Cat Behavior and Training: Cat Neutering and Behavior

Cats that are kept for companionship are typically neutered (castrated), unless they are intended to be used as breeding stock. Neutering prevents accidental or indiscriminate breeding and reduces the frequency of undesirable sexual behaviors such as mounting and marking.

Neutering may also prevent some types of aggressive behavior. Unneutered (intact or tomcat) males with access to outdoor space are more likely to roam, as they seek mates and fight with other males to maintain their territory. In addition, tomcat urine is particularly malodorous. Overall, a neutered male cat may be a more pleasant household companion.

How does castration affect behavior?

A cat’s temperament and personality are based mainly on genetics, the health and behavior of the queen, and very early experiences. Training and home environment have a great influence on behavior, but these influences occur both in the presence and absence of male hormones. The only behaviors affected by castration are those under the influence of male hormones (sexually dimorphic behaviors). For example, castration may reduce mounting and marking but is unlikely to reduce anxiety or hyperactivity.

Some types of aggressive behavior may decrease following castration, while others will not. If your cat exhibits aggressive behavior, consult with your veterinarian or a veterinary behaviorist about treatment strategies.

What is neutering?

The operation of neutering or castration of male cats is called an orchidectomy. The procedure involves general and local anesthesia, and both testicles are removed through a local incision. External sutures are not generally required. In male sexual development, the two testicles descend from a position inside the abdominal cavity down to the scrotal sac, where they can be easily accessed for the castration procedure.

Sometimes, the testicles do not descend fully but remain either in the abdomen or in the inguinal canal – a condition known as cryptorchidism. Cats with this condition require more extensive surgery to locate and properly remove the “retained” testicles. When undescended testicles are not removed, they continue to produce sexual hormones that contribute to undesirable behaviors and may also contribute to health problems as cats age.

What are the benefits of neutering?

Population control

Millions of cats are destroyed across North America each year because there are far more cats born than homes available. A single male cat can father many litters, so neutering intact males is essential for population control. Although sexual desire will be greatly reduced by castration, some males continue to show sexual interest in females.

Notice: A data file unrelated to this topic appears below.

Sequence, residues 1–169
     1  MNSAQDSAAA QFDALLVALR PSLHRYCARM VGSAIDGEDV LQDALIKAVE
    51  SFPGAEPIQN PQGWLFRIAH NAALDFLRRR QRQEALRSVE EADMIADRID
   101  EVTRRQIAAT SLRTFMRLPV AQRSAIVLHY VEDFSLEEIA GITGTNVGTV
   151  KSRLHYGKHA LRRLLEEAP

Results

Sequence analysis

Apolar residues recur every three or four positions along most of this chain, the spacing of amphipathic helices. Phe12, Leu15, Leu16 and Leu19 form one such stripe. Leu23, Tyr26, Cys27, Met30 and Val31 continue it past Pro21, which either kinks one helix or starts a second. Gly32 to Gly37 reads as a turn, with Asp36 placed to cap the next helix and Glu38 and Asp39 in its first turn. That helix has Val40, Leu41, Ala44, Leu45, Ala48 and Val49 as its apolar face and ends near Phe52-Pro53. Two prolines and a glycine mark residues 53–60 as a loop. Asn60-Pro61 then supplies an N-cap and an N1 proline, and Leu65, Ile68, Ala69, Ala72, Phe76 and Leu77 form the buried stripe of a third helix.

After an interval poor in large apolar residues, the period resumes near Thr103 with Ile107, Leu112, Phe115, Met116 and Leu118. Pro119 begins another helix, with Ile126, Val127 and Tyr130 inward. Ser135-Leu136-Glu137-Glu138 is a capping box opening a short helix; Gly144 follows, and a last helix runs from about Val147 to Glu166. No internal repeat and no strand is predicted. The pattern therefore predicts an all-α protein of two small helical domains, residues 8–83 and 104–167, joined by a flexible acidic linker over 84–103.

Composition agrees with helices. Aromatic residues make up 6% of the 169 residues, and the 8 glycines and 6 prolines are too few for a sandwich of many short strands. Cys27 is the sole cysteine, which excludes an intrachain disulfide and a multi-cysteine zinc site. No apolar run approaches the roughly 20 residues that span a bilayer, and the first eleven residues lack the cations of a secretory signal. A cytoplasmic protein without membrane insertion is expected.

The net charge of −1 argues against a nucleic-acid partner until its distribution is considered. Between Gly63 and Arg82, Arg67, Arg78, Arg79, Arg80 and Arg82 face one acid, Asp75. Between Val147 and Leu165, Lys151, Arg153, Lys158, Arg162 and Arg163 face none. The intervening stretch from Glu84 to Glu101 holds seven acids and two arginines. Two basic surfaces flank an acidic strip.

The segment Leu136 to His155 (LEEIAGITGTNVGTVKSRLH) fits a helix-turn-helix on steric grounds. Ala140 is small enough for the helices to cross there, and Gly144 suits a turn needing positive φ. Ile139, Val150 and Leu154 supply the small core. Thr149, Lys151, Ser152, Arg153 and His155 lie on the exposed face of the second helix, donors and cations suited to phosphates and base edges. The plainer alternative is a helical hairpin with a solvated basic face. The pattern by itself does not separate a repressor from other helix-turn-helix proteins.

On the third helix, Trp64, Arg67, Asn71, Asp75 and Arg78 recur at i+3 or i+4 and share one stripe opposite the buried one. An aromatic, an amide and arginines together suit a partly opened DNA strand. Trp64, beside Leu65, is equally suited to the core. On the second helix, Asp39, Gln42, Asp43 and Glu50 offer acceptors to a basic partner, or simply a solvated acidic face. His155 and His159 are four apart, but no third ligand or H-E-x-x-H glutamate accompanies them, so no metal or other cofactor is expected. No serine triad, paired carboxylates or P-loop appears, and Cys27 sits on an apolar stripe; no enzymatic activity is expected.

The most reported behavior problem in cats of all ages is indoor elimination at locations other than the litter box. Many of these cases involve cats that spray or mark walls and other vertical household objects. Adult male cats have an extremely strong urge to mark territory, both indoors and out. Neutering reduces or eliminates spraying in approximately 85% of male cats.


House cats, whether neutered or intact, can get into fights, but two intact males may be more likely to fight. This increased fighting is a direct result of sexual competition between male cats, and because intact male cats roam and protect a much larger territory. Wounds are prone to infection, often resulting in abscesses that can cause serious illness if left untreated. Neutering reduces fighting and abscess development in male cats.

Roaming and sexual attraction

Intact males have much larger territories and wander greater distances than females and neutered males. The urge to roam may be particularly strong during mating season. Castration reduces roaming in approximately 90% of cases.

Although neutering greatly reduces sexual interest, some males may continue to be attracted to, and mate with females. Both neutered and unneutered males can engage in masturbation.

Physical changes

Male urine odor is particularly strong and pungent. Castration creates a more normal urine odor. Cat caregivers often claim that their intact males became cleaner, less odorous, and better at self-grooming after neutering. Some secondary sexual characteristics can be dramatically reduced after neutering, such as over-productive tail glands that cause "stud tail".

Does neutering lead to any adverse effects on health or behavior?

Neutered male cats have different energy requirements than intact males. Your veterinarian can advise you on an appropriate daily caloric intake for your cat and can design an appropriate exercise and feeding routine. It is much easier to prevent your neutered cat from gaining weight in the first place than to put your cat on a weight-loss diet.

Be sure to provide your cat with plenty of opportunities for exercise. This can include outdoor walks on a leash, outdoor play in a safe enclosure, daily interactive play, and providing food in toys that are scattered throughout the house.  

Most behavior changes following castration are positive, such as a reduction in undesirable, sexually driven behaviors such as marking. Behaviors that develop independent of hormonal influences, such as hunting, are not affected. Regardless of the age at which it is done, there is no strong evidence that neutering stunts growth or prevents urethral development.  

Importantly, though neutering may prevent the development of sexually dimorphic behaviors, once these behaviors have developed, castration may not be curative. Every attempt should be made to neuter before puberty, before the cat develops problems, experiences, and habits associated with sexual maturity.